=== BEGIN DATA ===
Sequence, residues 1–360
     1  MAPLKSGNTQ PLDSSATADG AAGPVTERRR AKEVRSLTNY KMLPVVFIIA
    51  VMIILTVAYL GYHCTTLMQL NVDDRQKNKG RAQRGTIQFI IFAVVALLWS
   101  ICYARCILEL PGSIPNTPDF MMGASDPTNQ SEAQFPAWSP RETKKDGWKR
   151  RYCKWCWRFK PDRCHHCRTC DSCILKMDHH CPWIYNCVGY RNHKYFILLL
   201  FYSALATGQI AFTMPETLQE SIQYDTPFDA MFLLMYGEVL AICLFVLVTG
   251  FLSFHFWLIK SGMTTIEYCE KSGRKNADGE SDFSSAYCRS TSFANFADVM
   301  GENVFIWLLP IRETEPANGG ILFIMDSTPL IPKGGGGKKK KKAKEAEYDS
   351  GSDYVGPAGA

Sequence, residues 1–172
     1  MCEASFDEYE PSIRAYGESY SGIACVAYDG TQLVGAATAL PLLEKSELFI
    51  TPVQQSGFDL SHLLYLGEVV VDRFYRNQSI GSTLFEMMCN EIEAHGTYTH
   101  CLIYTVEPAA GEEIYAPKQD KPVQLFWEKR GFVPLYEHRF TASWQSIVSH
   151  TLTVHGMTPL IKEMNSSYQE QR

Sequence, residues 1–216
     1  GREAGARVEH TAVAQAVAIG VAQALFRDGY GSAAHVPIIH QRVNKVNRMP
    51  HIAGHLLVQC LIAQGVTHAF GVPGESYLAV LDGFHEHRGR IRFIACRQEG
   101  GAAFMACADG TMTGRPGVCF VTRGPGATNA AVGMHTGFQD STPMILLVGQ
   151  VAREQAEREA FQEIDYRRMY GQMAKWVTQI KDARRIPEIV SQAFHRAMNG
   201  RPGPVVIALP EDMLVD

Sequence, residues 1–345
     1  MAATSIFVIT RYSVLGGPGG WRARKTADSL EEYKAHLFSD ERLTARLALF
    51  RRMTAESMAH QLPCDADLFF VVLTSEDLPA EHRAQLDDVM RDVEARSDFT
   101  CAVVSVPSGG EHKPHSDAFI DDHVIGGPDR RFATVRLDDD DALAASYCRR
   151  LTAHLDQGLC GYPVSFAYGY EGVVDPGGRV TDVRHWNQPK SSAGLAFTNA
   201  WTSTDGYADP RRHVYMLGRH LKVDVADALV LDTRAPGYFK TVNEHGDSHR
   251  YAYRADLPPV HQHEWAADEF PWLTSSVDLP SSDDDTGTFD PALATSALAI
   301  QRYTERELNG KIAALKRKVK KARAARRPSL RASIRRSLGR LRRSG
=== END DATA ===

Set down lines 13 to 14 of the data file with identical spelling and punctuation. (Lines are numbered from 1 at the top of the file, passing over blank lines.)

   101  CLIYTVEPAA GEEIYAPKQD KPVQLFWEKR GFVPLYEHRF TASWQSIVSH
   151  TLTVHGMTPL IKEMNSSYQE QR